23. 23. What’s wrong with the Relational Model? (c) Luca Garulli Licensed under a Creative Commons Attribution-NoDerivs 3.0 Unported License Page 23
    24. 24. The JOIN is the evil! Customer Id CustomerAddress Name Id Address Address Id Location 10 Luca 10 24 24 Rome 11 Jill 10 33 33 London 34 John 34 24 44 Moscow 56 Mark 66 Cologne 88 Steve 68 Palo Alto These are all JOINs executed everytime you traverse a relationship! relationship (c) Luca Garulli Licensed under a Creative Commons Attribution-NoDerivs 3.0 Unported License Page 24
    25. 25. A JOIN means searching for a key in another table The first rule to improve performance is indexing all the keys Index speeds up searches, but slows down insert, updates and deletes (c) Luca Garulli Licensed under a Creative Commons Attribution-NoDerivs 3.0 Unported License Page 25
    26. 26. So in the best case a JOIN is a lookup into an index This is done per single join! If you traverse hundreds of relationships you’re executing hundreds of JOINs (c) Luca Garulli Licensed under a Creative Commons Attribution-NoDerivs 3.0 Unported License Page 26
    27. 27. Index Lookup is it really that fast? (c) Luca Garulli Licensed under a Creative Commons Attribution-NoDerivs 3.0 Unported License Page 27
    28. 28. Index Lookup: how does it works? A-Z A-L M-Z Think to an Address Book where we have to find the Luca’s phone number (c) Luca Garulli Licensed under a Creative Commons Attribution-NoDerivs 3.0 Unported License Page 28
    29. 29. Index Lookup: how does it works? A-Z A-L M-Z A-L A-D M-Z E-L M-R S-Z Index algorithms are all similar and based on balanced trees (c) Luca Garulli Licensed under a Creative Commons Attribution-NoDerivs 3.0 Unported License Page 29
    30. 30. Index Lookup: how does it works? A-Z A-L M-Z A-L A-D M-Z E-L M-R A-D A-B (c) Luca Garulli S-Z E-L C-D E-G H-L Licensed under a Creative Commons Attribution-NoDerivs 3.0 Unported License Page 30
    31. 31. Index Lookup: how does it works? A-Z A-L M-Z A-L A-D M-Z E-L M-R A-D A-B E-L C-D E-G H-L E-G E-F (c) Luca Garulli S-Z H-L G H-J K-L Licensed under a Creative Commons Attribution-NoDerivs 3.0 Unported License Page 31
    32. 32. Index Lookup: how does it works? A-Z A-L M-Z A-L A-D M-Z E-L A-D A-B Found! M-R S-Z This lookup took 5 steps and grows up with the index size! E-L C-D E-G H-L E-G E-F H-L G H-J K-L Luca (c) Luca Garulli Licensed under a Creative Commons Attribution-NoDerivs 3.0 Unported License Page 32
    33. 33. An index lookup is executed for each JOIN Querying more tables can easily produce millions of JOINs/Lookups! Here the rule: more entries = more lookup steps = slower JOIN (c) Luca Garulli Licensed under a Creative Commons Attribution-NoDerivs 3.0 Unported License Page 33
    34. 34. Oh! This is why performance of my database drops down when it becomes bigger, and bigger, and bigger! (c) Luca Garulli Licensed under a Creative Commons Attribution-NoDerivs 3.0 Unported License Page 34
    35. 35. Is there a better way to manage relationships? (c) Luca Garulli Licensed under a Creative Commons Attribution-NoDerivs 3.0 Unported License Page 35
    36. 36. “A graph database is any storage system that provides index-free adjacency” - Marko Rodriguez (author of TinkerPop Blueprints) (c) Luca Garulli Licensed under a Creative Commons Attribution-NoDerivs 3.0 Unported License Page 36
    37. 37. How does GraphDB manage index-free relationships? (c) Luca Garulli Licensed under a Creative Commons Attribution-NoDerivs 3.0 Unported License Page 37
    38. 38. an Open Source (Apache licensed) document-graph NoSQL dbms (c) Luca Garulli Licensed under a Creative Commons Attribution-NoDerivs 3.0 Unported License Page 38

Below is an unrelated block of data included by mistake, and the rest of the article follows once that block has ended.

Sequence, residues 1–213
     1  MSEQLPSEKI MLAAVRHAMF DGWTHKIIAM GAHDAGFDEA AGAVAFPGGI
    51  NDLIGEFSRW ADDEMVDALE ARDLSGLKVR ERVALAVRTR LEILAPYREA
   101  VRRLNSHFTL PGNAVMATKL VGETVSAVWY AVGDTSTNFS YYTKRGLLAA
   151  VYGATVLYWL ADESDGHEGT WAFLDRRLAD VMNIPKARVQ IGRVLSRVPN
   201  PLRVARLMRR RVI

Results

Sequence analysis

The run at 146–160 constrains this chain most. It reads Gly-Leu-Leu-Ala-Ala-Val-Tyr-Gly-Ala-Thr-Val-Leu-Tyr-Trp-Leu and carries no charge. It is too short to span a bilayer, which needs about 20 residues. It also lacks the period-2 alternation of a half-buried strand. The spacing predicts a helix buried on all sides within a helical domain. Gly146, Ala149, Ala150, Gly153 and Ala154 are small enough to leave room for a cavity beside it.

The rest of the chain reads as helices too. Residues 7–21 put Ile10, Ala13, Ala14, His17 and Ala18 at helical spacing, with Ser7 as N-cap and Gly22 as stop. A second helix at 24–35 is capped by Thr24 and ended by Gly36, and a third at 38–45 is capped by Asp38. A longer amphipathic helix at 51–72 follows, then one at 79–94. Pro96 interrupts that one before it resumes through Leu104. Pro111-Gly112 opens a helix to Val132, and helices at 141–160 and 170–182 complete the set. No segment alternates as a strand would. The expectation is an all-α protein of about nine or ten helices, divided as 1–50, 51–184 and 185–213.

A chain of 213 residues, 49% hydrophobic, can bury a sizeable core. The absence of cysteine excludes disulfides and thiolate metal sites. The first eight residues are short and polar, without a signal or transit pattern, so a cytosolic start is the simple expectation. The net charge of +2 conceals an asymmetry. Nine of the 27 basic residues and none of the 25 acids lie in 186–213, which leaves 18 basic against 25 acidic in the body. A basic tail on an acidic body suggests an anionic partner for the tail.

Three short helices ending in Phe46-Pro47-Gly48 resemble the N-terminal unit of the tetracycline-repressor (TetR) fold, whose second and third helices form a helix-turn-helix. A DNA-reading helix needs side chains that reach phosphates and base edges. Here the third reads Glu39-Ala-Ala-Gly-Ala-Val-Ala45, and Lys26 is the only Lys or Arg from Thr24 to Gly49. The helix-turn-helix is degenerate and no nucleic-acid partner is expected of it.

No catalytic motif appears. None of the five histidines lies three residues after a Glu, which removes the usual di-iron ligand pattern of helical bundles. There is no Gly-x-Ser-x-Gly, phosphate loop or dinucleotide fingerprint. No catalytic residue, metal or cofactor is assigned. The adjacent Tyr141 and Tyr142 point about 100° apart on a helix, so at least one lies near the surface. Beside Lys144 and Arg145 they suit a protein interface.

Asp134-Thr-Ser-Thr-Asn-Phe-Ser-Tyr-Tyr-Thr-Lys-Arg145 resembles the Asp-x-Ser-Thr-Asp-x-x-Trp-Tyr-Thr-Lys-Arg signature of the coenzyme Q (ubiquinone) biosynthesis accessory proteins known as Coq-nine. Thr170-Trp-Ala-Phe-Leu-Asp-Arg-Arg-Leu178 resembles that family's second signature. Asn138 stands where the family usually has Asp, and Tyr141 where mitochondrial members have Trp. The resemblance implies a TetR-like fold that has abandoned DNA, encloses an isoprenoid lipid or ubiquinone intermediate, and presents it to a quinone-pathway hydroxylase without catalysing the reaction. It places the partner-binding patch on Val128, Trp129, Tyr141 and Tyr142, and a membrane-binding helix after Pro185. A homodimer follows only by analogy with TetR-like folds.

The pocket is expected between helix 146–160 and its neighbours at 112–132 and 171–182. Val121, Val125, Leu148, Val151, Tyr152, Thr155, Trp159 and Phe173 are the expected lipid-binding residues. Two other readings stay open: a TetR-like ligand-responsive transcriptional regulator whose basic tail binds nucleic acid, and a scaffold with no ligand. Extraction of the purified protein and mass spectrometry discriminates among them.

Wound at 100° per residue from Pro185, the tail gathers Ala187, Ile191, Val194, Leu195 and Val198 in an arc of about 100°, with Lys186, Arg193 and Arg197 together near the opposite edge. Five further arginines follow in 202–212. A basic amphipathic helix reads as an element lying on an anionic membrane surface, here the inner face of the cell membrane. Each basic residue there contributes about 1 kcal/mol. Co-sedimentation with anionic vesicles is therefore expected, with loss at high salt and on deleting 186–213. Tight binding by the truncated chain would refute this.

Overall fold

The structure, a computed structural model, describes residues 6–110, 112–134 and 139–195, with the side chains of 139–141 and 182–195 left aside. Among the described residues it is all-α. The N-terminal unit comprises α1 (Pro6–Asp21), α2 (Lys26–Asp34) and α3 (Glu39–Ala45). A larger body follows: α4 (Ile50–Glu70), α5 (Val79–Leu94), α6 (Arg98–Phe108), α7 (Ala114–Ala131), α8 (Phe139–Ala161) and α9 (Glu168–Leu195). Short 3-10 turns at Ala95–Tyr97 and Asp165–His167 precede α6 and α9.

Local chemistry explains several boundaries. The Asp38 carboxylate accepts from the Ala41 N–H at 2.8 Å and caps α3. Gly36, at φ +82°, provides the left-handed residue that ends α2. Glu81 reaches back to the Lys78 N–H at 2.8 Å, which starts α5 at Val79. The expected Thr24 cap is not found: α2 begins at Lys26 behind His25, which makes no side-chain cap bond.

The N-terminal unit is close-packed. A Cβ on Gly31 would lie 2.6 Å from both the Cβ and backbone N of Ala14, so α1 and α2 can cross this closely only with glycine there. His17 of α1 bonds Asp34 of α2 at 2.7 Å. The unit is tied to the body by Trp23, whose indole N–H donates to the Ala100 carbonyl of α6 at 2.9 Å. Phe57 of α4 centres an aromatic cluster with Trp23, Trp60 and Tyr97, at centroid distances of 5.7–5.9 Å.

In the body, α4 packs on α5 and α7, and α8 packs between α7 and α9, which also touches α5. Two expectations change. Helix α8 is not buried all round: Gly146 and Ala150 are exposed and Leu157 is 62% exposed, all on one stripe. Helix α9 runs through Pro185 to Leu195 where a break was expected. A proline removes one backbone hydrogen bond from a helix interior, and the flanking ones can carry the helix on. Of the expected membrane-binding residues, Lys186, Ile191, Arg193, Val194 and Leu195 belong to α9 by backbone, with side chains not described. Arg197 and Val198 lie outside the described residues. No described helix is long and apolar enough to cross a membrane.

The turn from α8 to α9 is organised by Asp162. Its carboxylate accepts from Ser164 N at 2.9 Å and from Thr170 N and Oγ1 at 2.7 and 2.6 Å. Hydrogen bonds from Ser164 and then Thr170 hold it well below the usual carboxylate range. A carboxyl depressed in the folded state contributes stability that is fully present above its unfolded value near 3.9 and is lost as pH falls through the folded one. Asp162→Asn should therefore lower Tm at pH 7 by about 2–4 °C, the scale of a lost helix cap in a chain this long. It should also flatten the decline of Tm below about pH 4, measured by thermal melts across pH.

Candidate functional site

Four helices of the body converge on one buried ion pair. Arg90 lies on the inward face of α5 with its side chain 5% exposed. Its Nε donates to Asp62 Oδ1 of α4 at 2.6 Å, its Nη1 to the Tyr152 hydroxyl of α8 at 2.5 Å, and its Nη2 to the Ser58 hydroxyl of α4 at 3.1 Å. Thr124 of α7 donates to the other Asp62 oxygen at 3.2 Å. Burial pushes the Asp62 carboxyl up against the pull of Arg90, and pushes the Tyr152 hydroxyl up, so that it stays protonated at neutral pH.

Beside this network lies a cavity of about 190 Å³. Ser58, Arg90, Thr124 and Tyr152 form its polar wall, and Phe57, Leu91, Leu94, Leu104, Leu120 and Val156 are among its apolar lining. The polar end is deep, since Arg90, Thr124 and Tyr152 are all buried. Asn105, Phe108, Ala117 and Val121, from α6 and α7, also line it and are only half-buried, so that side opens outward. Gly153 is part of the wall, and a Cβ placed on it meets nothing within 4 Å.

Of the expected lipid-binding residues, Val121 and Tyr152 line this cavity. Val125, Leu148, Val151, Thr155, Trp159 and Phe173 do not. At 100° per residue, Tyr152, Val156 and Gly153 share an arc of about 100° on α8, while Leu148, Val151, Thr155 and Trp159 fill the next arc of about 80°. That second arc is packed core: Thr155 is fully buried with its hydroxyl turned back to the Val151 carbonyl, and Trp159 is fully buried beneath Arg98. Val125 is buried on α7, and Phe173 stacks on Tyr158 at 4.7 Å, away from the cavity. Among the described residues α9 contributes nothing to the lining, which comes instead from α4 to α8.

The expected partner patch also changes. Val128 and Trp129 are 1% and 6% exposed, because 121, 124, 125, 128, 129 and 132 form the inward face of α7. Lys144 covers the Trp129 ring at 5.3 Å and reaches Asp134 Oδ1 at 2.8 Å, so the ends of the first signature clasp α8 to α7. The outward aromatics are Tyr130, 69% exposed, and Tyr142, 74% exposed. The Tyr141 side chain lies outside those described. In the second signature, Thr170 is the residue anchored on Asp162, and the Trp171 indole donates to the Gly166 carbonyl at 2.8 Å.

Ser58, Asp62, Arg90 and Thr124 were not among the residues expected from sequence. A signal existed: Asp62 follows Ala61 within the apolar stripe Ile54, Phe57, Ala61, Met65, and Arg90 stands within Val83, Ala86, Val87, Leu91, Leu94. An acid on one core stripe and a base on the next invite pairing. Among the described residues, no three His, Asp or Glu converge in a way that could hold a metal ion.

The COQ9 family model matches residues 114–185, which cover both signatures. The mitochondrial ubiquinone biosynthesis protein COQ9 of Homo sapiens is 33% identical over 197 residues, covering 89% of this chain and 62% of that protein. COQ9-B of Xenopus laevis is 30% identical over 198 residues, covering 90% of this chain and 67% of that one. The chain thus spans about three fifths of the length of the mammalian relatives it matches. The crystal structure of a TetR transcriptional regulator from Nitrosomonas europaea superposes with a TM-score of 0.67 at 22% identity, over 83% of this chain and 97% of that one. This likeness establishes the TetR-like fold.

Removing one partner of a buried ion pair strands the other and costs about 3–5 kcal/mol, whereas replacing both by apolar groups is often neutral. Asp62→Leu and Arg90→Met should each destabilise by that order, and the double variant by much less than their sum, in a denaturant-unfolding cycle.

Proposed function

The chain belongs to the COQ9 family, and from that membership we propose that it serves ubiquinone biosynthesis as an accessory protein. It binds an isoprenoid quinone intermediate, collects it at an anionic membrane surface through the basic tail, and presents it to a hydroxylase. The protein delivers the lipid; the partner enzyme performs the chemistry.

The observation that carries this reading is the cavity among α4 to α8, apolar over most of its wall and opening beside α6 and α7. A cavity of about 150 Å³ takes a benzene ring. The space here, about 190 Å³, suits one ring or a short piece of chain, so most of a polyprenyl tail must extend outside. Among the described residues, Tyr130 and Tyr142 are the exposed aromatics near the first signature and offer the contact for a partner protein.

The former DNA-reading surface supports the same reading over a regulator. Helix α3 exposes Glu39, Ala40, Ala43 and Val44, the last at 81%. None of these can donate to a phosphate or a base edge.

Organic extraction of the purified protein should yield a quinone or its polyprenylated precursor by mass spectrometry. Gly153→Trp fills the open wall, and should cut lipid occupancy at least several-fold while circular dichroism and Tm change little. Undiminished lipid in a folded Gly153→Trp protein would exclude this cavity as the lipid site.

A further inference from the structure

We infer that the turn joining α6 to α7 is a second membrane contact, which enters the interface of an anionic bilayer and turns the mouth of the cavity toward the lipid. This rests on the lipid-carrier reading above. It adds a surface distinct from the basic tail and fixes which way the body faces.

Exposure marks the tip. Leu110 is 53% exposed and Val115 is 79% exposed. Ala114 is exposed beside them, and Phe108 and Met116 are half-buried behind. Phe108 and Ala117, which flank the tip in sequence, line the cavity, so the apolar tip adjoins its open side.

39. 39. Let’s go back to the Graph Stuff How does OrientDB manage relationships? (c) Luca Garulli Licensed under a Creative Commons Attribution-NoDerivs 3.0 Unported License Page 39
    40. 40. OrientDB: traverse a relationship The Record ID (RID) is the physical position RID = #13:35 RID = #13:35 RID = #13:100 RID = #13:100 Luca Luca Rome Rome label : :‘Customer’ label ‘Customer’ name : :‘Luca’ name ‘Luca’ (c) Luca Garulli label = ‘Address’ label = ‘Address’ name = ‘Rome’ name = ‘Rome’ Licensed under a Creative Commons Attribution-NoDerivs 3.0 Unported License Page 40
    41. 41. OrientDB: traverse a relationship The Edge’s RID is saved inside both vertices, as «out» and «in» RID = #13:35 RID = #13:35 RID = #13:100 RID = #13:100 RID = #14:54 RID = #14:54 Luca Luca out ::[#14:54] out [#14:54] label : :‘Customer’ label ‘Customer’ name : :‘Luca’ name ‘Luca’ (c) Luca Garulli Lives out: [#13:35] out: [#13:35] in: [#13:100] in: [#13:100] Label : :‘Lives’ Label ‘Lives’ Rome Rome in: [#14:54] in: [#14:54] label = ‘Address’ label = ‘Address’ name = ‘Rome’ name = ‘Rome’ Licensed under a Creative Commons Attribution-NoDerivs 3.0 Unported License Page 41
    42. 42. OrientDB: traverse a relationship RID = #13:35 RID = #13:35 RID = #13:100 RID = #13:100 RID = #14:54 RID = #14:54 Luca Luca out ::[#14:54] out [#14:54] label : :‘Customer’ label ‘Customer’ name : :‘Luca’ name ‘Luca’ (c) Luca Garulli Lives out: [#13:35] out: [#13:35] in: [#13:100] in: [#13:100] Label : :‘Lives’ Label ‘Lives’ Rome Rome in: [#14:54] in: [#14:54] label = ‘Address’ label = ‘Address’ name = ‘Rome’ name = ‘Rome’ Licensed under a Creative Commons Attribution-NoDerivs 3.0 Unported License Page 42
    43. 43. OrientDB: traverse a relationship RID = #13:35 RID = #13:35 RID = #13:100 RID = #13:100 RID = #14:54 RID = #14:54 Luca Luca out ::[#14:54] out [#14:54] label : :‘Customer’ label ‘Customer’ name : :‘Luca’ name ‘Luca’ (c) Luca Garulli Lives out: [#13:35] out: [#13:35] in: [#13:100] in: [#13:100] Label : :‘Lives’ Label ‘Lives’ Rome Rome in: [#14:54] in: [#14:54] label = ‘Address’ label = ‘Address’ name = ‘Rome’ name = ‘Rome’ Licensed under a Creative Commons Attribution-NoDerivs 3.0 Unported License Page 43
    44. 44. GraphDB handles relationships as a physical LINK to the record assigned when the edge is created on the other side RDBMS computes the relationship every time you query a database Is not that crazy?! (c) Luca Garulli Licensed under a Creative Commons Attribution-NoDerivs 3.0 Unported License Page 44